How much does it cost to charge an electric or hybrid car?

It’s no secret that charging a car is a lot cheaper than if you were to regularly fuel one. This is mostly due to the fact that electricity is more stable in its pricing than petrol or diesel, and that EVs and PHEVs are more efficient than regular vehicles.

There are different fees involved depending on how you choose to charge your electric or plug-in hybrid vehicle, starting with the public charging stations.

Charging station prices

charging station prices

Most UK charging networks will offer free ad-hoc access to charging, but fast, rapid and ultra-rapid chargers will cost you money per charge.

The amount you pay will depend on how much charge you specify you want for the vehicle and the network you’re using.

  • BP Chargemaster (the largest UK network) – 12p per kWh or there’s a mobile app service called ‘Plus Point’ which costs £7.85 per month and gives you (mostly) free access to more than 7,000 charging points. What’s more is that the first three months come at no cost.
  • Ecotricity – 30p per kWh for non-customers but if you get your energy and electricity from them, this is halved to 15p per kWh.
  • Pod Point – 25p per kWh for using its rapid chargers.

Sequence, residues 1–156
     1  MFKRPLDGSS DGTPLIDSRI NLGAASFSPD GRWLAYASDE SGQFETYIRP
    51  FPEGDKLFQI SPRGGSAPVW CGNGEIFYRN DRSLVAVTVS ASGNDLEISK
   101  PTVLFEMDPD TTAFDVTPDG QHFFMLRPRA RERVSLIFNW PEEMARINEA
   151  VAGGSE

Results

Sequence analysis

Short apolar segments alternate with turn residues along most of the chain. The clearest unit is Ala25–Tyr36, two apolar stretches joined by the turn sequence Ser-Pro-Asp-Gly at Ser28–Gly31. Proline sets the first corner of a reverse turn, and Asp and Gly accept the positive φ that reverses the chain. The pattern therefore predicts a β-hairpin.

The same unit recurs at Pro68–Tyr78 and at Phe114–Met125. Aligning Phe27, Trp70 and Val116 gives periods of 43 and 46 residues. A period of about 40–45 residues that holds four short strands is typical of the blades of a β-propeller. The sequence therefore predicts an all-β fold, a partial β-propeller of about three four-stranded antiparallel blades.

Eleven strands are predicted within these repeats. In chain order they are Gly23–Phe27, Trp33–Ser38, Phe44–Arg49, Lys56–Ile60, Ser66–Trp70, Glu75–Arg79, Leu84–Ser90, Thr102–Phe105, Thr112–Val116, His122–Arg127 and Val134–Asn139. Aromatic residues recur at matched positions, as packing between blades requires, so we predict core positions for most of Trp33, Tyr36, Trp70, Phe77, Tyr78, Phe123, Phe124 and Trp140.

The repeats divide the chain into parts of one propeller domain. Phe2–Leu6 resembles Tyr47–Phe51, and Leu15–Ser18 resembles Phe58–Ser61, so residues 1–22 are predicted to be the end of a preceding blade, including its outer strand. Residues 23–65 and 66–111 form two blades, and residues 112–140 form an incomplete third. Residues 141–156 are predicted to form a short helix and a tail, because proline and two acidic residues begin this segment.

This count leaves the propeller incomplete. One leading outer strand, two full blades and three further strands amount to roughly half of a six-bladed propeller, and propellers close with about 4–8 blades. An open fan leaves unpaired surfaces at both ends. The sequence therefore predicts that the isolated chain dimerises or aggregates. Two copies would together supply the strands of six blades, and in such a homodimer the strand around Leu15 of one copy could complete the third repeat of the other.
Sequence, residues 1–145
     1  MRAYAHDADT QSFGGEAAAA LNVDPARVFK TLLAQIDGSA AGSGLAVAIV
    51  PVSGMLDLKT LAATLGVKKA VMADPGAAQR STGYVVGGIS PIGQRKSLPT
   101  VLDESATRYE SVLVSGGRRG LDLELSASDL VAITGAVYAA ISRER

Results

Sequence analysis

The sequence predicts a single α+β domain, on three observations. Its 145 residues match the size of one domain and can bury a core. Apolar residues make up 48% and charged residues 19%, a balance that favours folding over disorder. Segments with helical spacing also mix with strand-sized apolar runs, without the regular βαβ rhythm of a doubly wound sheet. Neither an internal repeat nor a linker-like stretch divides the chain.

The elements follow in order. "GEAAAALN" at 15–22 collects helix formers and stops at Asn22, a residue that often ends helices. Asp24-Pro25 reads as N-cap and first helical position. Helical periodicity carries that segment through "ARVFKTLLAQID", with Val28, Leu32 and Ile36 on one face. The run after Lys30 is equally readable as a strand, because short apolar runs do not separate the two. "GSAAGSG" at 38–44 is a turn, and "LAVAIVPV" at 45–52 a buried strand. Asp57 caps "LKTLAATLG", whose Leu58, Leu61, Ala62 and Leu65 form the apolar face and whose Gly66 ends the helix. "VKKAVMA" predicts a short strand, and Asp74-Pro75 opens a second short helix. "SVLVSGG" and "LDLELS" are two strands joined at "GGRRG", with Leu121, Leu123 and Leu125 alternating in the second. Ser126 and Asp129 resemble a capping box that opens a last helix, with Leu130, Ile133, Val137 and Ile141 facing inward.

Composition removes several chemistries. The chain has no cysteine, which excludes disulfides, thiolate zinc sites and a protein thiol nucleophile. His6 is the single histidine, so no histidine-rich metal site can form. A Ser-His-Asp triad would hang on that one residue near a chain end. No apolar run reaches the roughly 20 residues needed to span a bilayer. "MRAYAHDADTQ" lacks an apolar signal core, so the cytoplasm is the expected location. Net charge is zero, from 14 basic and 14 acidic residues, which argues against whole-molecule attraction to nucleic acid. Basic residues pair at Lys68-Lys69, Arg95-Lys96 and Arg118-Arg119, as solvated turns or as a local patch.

• InstaVolt works on a contactless pay-as-you-charge basis and costs 35p per kWh.
  • Tesla has its own network of superchargers which are only compatible with the sockets on its own brand’s vehicles, they also don’t cost anything to use!

Remember: The average cost to fully charge a typical EV with a 60kWh battery is £8.40, with PHEVs’ smaller batteries meaning this average is around £1.93.

Charging at work

electric car charging work

You may be fortunate enough to not have to pay a fee for charging your EV or PHEV at a public station if the company you work for has a point available.

It’s getting more and more common to see shared employee car parks or individual enterprise plots featuring a charging point for those who commute to work in an electric or plug-in hybrid model. This is especially true as more SMEs and larger corporations turn to electric business leasing as an affordable way to run a fleet or single car while reducing company vehicle tax.

Even better news is that the power rate of these chargers tends to be higher than the wallpoints installed at your home, which are fairly pricey to pay for and have a professional install. On top of this, you then have to fork out on using your own electricity. You can now find more rapid 7kW and 22kW charge points on business parks and other staff/visitor car parks, and many of them are either free or low cost to incentivise EV usage.

Want to find your ideal electric or plug-in hybrid car? You can go green in no time when you compare lease deals on brand-new EVs and PHEVs.

Do you have more questions regarding alternative fuel cars or leasing in general? Then check out our guides page for answers to our FAQs.